When Jesus abides

The gospel of John, the Johannine epistles and the book of Revelation claim John as their author. There is a question of whether it’s the same John writing or if it’s written in John’s name. That’s a common authorship discussion in Bible study. I don’t have any strong inclination either way. So, for me, John was a busy writer.

You’ll certainly find related themes throughout all the writings.

One of those themes is that of abiding in Christ. In John 15, Jesus said, “Just as the branch cannot bear fruit by itself unless it abides in the vine, neither can you unless you abide in me” (John 15:4). Revelation 3:20 is a familiar verse: Listen! I am standing at the door, knocking; if you hear my voice and open the door, I will come in to you and eat with you, and you with me.

In those two verses, abiding in Christ offers fruit for our lives and fellowship with the Lord.

Our Bible passage today also offers a promise related to abiding in Christ. John says, “the anointing that you received from him (Jesus) abides in you, and so you do not need anyone to teach you” (1 John 2:27). Read by itself that verse seems strange. Kept in its context, it is a repetition of what John has been saying all along.

Remember that 1 John is defending against heretical teachings that emerged from John’s congregation. A few verses before, John said, “you, however, have an anointing from the Holy One, and all of you know the truth” (1 John 2:20). But that idea also goes back to a teaching of Jesus from the book of John. Jesus promised, “But the Advocate, the Holy Spirit, whom the Father will send in my name, will teach you everything, and remind you of all that I have said to you” (John 14:26).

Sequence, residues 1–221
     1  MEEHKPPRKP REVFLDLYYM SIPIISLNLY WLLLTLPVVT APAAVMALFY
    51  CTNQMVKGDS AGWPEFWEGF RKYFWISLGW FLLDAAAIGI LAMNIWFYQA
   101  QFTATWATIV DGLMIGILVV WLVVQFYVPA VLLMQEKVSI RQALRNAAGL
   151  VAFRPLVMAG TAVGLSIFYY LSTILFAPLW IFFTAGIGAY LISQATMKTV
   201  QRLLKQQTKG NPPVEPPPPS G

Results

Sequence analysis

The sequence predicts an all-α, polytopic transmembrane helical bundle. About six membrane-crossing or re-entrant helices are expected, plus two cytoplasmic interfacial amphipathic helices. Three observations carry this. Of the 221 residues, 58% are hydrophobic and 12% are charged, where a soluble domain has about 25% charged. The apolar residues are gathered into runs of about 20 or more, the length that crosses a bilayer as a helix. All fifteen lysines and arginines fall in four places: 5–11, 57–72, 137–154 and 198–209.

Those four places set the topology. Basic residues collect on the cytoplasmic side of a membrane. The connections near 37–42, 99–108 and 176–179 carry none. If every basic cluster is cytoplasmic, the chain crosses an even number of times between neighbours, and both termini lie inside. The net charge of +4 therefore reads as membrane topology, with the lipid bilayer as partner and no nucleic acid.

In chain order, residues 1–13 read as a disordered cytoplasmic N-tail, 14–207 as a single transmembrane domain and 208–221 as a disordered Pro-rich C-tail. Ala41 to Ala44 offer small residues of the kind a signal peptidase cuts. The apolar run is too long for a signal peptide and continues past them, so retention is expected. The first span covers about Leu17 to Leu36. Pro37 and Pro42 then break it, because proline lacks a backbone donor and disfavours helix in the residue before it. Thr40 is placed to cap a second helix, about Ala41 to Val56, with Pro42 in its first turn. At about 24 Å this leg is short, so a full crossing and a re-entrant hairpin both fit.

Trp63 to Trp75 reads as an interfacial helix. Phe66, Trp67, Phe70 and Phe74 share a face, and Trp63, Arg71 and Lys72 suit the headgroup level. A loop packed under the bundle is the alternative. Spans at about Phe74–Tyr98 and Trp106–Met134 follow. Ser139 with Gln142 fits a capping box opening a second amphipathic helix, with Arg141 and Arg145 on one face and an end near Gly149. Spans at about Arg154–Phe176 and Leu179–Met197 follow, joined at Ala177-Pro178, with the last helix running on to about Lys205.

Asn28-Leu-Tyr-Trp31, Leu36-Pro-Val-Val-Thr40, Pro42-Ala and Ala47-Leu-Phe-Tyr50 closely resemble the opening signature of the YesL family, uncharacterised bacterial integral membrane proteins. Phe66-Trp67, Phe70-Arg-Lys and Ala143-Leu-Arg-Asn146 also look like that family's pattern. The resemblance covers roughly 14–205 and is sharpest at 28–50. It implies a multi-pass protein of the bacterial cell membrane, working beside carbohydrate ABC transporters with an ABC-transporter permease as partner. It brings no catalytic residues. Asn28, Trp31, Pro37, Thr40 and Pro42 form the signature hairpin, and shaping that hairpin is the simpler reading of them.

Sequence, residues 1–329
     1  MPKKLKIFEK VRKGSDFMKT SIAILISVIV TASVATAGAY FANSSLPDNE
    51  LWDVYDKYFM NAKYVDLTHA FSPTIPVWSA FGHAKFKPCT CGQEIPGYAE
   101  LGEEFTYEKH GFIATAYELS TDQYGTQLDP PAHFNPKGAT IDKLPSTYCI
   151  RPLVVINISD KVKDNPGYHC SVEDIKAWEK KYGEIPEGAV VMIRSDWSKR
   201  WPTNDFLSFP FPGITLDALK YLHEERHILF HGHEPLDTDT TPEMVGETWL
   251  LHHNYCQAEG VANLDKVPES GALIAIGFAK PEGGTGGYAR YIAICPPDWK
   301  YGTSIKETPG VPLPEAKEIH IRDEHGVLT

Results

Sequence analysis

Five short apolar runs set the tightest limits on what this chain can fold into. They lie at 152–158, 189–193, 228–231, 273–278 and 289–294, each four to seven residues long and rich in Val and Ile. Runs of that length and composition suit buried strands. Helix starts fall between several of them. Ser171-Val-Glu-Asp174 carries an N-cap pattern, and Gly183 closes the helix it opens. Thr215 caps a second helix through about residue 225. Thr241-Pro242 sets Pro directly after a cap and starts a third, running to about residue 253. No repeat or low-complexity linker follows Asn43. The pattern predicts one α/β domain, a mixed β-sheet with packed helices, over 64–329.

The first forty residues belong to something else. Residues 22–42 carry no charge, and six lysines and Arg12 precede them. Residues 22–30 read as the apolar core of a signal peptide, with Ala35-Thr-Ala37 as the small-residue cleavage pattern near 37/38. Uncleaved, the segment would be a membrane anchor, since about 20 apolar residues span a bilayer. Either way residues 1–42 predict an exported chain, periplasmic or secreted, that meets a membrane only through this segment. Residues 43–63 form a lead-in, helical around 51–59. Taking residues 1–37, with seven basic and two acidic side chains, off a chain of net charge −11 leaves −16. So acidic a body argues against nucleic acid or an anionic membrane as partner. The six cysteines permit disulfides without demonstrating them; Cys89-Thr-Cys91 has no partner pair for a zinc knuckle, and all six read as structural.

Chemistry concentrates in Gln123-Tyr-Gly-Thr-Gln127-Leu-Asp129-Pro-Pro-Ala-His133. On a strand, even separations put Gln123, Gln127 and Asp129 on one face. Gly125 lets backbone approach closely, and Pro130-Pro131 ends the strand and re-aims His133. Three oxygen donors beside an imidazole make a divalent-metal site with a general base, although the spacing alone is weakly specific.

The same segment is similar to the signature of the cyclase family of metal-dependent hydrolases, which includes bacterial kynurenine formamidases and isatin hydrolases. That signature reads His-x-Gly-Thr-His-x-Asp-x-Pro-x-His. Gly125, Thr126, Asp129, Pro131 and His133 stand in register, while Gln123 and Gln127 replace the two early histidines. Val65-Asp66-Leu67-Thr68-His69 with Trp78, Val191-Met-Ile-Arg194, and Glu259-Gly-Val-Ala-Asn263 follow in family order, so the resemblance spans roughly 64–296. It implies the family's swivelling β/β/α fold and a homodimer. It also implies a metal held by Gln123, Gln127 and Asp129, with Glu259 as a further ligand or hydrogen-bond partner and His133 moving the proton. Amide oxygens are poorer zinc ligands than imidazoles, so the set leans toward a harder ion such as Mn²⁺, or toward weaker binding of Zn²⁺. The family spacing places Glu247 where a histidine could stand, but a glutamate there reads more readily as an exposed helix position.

All that to say, abiding in Christ is an important idea for John. If I know that about John, so much of what he writes makes much more sense.

Dallas Willard once said, “In many cases, our need to wonder about or be told what God wants in a certain situation is nothing short of a clear indication of how little we are engaged in his work.” To me, that is a modern interpretation of what John talks about.

If we abide in Christ, Christ abides in us. That’s the promise. And if that’s true, we know what we need to know and are taught what we need to be taught. Now, that doesn’t mean there isn’t room for questions and learning. Quite the opposite!

But my teachers always knew when I hadn’t done my homework. They could tell by the kinds of questions I asked and the kinds of wrong answers I gave.

The same is true with our walk with God. There is a difference in our faith when we abide in Christ. It’s an important difference. It’s not a matter of superiority, mind you. Don’t ever revel in the idea you’re a better Christian than someone else–yes, I’ve heard it said before.

Christian pride is such an irony. That’s when the Christian abides more in himself than in Jesus.

When we abide in Christ, we aren’t concerned with comparing our lives to anyone else other than Christ. And as Christ abides in us, the Holy Spirit fills our faith with knowledge, boldness and peace. We have fellowship with the Lord.

Stay blessed…john

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John Fletcher

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